Sign up ×
Stack Overflow is a question and answer site for professional and enthusiast programmers. It's 100% free.

I have a bit of COM code that uses interface pointers. The original author of the code implemented functions that return an interface pointer like this:

HRESULT Query ( IN BSTR sQuery, OUT IEnumWbemClassObject* &pEnumerator ); // (1)

instead of the traditional

HRESULT Query ( IN BSTR sQuery, OUT IEnumWbemClassObject** ppEnumerator ); // (2)

The function (1) is called like this:

hRes = Query ( sQuery, pEnumerator ); // (3)

which definitely looks wrong but it works fine. I'm not sure if I'm just picking up this line because the out parameter is not a pointer to the output variable or because there's something wrong with this approach.

Is there an advantage to using a reference-to-pointer instead of a pointer-to-pointer for out parameters?

share|improve this question
You should understand the difference between T*and T&, then just understand T can be a pointer-type. –  GManNickG Dec 7 '11 at 23:34
¤ The reference cannot be a null-reference in a valid program. So it guards against incorrect usage, and assuming C++ usage only simplifies the implementation. However, while COM was designed with C++ usage in mind (the memory layout of a COM object is directly what early Visual C++ produced), COM was and is language independent. And so when that method is consumed in C, the pointer-to-pointer underneath, is revealed, and a C client might easily pass a nullpointer. And so if other language usage is to be supported, the reference doesn't simplify. But it's still more clear. Cheers & hth., –  Cheers and hth. - Alf Dec 7 '11 at 23:38
Uhm, sorry for messing up answers-in-queue by fixing the title and last para, which originally said "pointer-to-reference". –  Cheers and hth. - Alf Dec 7 '11 at 23:43

4 Answers 4

up vote 3 down vote accepted

The first example is that of a reference to a pointer, ie. a reference to a type IEnumWbemClassObject*:

HRESULT Query ( IN BSTR sQuery, OUT IEnumWbemClassObject* &pEnumerator );

Therefore if pEnumerator is declared as a IEnumWbemClassObject* (which I'm assuming it is), you don't need to explicitly pass the address of pEnumerator to the function or dereference the variable inside the function in order to change where pEnumerator points (which would otherwise be required with an argument of IEnumWbemClassObject**).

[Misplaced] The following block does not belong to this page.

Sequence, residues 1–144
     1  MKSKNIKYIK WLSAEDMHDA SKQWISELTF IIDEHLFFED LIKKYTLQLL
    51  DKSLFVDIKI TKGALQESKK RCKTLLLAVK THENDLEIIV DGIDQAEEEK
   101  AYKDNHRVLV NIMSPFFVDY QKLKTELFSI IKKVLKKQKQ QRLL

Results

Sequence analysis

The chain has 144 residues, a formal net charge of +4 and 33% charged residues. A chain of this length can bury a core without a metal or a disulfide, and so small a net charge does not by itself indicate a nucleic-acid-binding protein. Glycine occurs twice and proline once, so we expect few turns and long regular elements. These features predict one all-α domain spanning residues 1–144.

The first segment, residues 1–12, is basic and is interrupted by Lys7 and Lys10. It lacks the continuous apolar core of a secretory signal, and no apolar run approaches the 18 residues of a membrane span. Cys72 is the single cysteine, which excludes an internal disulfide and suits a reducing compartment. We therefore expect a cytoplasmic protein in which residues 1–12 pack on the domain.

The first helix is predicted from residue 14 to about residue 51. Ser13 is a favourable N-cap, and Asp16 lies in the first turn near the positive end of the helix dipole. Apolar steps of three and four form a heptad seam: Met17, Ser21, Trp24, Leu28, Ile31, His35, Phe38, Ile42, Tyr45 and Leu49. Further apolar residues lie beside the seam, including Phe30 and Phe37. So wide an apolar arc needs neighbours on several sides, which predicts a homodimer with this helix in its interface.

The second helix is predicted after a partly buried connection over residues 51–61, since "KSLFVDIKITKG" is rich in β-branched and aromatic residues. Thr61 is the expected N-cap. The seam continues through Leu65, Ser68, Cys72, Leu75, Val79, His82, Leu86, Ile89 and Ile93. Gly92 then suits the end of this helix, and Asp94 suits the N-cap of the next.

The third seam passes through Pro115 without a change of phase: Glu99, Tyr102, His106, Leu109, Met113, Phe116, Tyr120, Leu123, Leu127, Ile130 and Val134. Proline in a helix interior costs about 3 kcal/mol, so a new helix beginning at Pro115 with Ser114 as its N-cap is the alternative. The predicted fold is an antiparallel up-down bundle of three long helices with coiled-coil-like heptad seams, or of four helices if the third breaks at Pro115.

A reference to a pointer has the same behaviour as a reference to any other type, just think of the above example as being a "reference to a pointer" and not a "pointer to a reference." There's no such thing as a pointer to a reference.

share|improve this answer
Thanks a lot for the detailed explanation. Although all answers said pretty much the same thing, this one has the most detail. Thanks to all others as well for their explanations: I guess my dislike for the *& vs ** simply comes from tradition and preference. –  xxbbcc Dec 8 '11 at 18:36

The advantages are the same as any use of references instead of pointers:

  • simplicity
  • references can't be null, so assigning to a reference in Query won't cause an access violation

Note the original description was in error: IEnumWbemClassObject* & is a reference to a pointer, not a pointer to a reference.

share|improve this answer

It's better to think of Type& foo* as a reference to a pointer rather than the other way around, as it no longer implies that you can modify the reference through the pointer and other such C++-breaking ideas. It also makes that function call a little easier to believe in as it's just like passing anything else in by reference, no dereferencing or special symbols are required.

share|improve this answer

Its because pointer and reference are represented identically in normal c++ implementation (this is implementation detail however, not part of the standart. also its reference to pointer, not pointer to reference, you are not allowed to create pointer to reference at all.

share|improve this answer
Ah ok - I didn't know that creating a pointer to a reference is not allowed. –  xxbbcc Dec 7 '11 at 23:33

Your Answer


By posting your answer, you agree to the privacy policy and terms of service.

Not the answer you're looking for? Browse other questions tagged or ask your own question.